Confession: I had every intention to feature the latest video from the Boston College Minute video series, “Problem in A minor.” The BC Minute series produced by Ravi Jain consistently tops my list for effective, interesting, and engaging web video content.

I went to Boston College’s YouTube channel to get the embed code for Problem in A minor and their feature video Pop quiz: the beginning started to play. And I was instantly hooked.

Usually I am not a fan of using auto-play and I never suggest clients take that approach with their YouTube channel. But I’ll admit that I probably wouldn’t have thought to watch the video otherwise, because I was on a mission to find another link.

Please note, I have not interviewed BC staff about the production, goals, or outcomes of Pop quiz: the beginning.

Perceived Goals

  • To educate current students, prospective students, and the greater Boston College community about the Sesquicentennial Celebration.
  • I do not believe using this video as a recruitment-focused marketing tool for the institution was a primary goal.

Evaluation

  • The video is funny. I see a diverse student population, a beautiful campus, and students who seem friendly, interesting, and most importantly–real. I don’t care if they can spell Sesquicentennial (heck, I’m not sure I can either!) but it is funny watching them try.
  • The video is fast-paced, the audio is high-quality, and even though Pop quiz is nearly 4 minutes long–my attention was held the entire time.
  • The host does a great job interacting with the unsuspecting students. I think this was key to the success of the video. The side commentary at :11, :36, and 3:26 kept the balance between light-hearted Q&A and information overload.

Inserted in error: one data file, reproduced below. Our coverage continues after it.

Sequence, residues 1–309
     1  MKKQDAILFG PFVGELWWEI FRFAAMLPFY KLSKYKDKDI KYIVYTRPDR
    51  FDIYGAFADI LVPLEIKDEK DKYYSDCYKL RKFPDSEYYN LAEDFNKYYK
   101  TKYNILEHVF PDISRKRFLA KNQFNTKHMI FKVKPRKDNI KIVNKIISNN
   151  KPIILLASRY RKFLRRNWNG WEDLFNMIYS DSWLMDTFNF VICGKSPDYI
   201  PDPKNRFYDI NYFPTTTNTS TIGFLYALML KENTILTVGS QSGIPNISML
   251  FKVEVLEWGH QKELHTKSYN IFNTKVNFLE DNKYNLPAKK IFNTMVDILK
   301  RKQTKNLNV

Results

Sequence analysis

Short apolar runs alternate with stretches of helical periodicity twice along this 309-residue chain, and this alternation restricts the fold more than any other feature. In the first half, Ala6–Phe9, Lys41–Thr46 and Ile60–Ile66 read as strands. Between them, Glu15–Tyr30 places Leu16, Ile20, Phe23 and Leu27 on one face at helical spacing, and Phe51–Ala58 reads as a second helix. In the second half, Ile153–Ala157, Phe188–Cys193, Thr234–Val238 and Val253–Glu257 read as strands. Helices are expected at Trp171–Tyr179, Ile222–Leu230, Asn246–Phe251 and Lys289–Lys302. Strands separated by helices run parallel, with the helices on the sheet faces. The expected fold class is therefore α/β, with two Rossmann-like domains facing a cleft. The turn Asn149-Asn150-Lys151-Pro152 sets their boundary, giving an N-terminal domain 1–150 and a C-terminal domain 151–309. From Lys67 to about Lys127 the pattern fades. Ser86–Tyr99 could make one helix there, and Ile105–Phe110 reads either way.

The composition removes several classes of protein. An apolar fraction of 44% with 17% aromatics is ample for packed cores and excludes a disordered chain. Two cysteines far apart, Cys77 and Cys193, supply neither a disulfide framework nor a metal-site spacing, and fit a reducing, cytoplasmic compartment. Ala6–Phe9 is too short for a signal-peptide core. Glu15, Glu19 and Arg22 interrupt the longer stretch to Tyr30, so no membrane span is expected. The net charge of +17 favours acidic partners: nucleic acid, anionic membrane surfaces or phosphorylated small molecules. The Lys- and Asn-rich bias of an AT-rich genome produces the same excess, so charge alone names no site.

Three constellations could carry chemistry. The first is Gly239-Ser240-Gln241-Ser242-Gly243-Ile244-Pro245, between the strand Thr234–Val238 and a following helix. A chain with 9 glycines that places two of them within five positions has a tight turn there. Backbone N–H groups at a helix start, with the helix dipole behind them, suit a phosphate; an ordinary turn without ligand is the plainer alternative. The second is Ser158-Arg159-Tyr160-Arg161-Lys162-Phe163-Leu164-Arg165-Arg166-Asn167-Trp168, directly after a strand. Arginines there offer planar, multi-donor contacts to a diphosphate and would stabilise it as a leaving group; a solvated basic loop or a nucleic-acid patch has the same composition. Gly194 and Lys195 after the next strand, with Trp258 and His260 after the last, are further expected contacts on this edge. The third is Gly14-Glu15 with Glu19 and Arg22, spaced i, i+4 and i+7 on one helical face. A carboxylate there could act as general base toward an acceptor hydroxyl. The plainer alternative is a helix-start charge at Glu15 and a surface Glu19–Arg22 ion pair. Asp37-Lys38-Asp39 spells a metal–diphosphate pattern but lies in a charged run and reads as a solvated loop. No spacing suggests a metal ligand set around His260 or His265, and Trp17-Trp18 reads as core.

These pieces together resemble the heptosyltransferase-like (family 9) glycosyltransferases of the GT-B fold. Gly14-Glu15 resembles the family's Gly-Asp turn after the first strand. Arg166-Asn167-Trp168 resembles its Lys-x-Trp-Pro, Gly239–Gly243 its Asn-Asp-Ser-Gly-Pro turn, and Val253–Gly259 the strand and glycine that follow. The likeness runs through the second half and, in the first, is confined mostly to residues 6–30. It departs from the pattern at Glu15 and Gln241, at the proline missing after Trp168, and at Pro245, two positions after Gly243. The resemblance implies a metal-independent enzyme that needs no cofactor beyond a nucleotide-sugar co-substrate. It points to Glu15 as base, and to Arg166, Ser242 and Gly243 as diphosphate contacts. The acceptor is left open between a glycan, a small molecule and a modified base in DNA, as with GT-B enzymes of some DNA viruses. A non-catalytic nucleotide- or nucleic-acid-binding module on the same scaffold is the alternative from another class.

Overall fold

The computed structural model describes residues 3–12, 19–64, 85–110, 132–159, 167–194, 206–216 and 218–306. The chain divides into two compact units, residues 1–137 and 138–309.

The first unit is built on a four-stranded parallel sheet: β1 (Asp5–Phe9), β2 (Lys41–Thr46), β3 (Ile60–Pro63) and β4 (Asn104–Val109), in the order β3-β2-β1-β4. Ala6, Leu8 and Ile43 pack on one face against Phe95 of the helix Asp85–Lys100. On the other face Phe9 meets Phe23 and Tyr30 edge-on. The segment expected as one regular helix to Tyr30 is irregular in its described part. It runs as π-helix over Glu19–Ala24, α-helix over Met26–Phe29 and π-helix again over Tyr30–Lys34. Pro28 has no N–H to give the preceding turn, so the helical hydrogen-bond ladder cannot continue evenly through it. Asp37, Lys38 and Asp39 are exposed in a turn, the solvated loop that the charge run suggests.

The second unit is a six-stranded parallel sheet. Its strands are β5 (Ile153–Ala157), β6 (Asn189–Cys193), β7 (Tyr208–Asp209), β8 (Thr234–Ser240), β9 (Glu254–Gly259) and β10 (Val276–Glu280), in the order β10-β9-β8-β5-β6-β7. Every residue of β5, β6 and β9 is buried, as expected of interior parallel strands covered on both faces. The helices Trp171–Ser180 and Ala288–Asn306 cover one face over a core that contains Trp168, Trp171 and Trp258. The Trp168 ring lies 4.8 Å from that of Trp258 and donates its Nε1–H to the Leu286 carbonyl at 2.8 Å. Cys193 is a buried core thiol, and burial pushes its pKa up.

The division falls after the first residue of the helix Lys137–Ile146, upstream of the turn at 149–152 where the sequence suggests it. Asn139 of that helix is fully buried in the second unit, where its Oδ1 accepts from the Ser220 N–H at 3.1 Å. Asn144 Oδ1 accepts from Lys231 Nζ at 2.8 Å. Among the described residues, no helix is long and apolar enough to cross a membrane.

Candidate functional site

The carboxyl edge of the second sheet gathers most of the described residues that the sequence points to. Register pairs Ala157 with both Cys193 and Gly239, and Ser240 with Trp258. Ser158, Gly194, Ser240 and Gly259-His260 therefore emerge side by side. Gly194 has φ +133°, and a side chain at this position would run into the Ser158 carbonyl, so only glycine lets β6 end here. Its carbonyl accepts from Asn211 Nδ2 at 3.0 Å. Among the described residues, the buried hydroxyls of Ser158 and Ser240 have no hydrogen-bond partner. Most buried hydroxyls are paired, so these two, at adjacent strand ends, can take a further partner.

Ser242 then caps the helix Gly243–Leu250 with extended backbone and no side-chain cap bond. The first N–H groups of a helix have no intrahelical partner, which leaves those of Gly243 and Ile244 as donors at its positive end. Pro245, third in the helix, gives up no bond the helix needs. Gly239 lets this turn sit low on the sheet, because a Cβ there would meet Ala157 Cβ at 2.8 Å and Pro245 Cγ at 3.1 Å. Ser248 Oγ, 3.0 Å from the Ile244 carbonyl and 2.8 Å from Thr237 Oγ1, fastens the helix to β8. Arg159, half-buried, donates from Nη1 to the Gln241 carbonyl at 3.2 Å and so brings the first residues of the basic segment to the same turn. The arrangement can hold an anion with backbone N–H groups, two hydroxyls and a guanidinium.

• It is clear from the Sesquicentennial site that Boston College is celebrating the anniversary all month. Pop quiz was filmed before the festivities began (+1 for thinking ahead) but wasn’t published until April 18 (-1 for failing to capitalize on potential web traffic for the entire month).
  • Nothing gets me more upset than seeing video information (description, title, tags) that isn’t filled out on YouTube. It is so simple and provides context for your viewers, this should be a must. Boston College always does an excellent job filling out this information. By giving viewers further information about the College’s 150th celebration, they were able to keep the video light and funny.

Results

  • No matter what audience I belong to, by watching Pop quiz I learn something new about Boston College.
  • I am not sure how or if BC promoted this video, but 347 views in five days is pretty typical of higher education web video. They are missing an opportunity to link to this video from the Sesquicentennial home page and the main Boston College Facebook page.

Rating

rating is 8

 

I give this video an 8 because it delivers otherwise “boring” College facts in a way that is fun and funny. And while it was a bit longer than I’d usually suggest, my attention was held throughout the entire video. If a prospective student interested in BC finds this video, I believe they’ll be interested and enjoy seeing the authentic student-to-student interaction. Pop quiz doesn’t scream “marketing” and the video is well produced.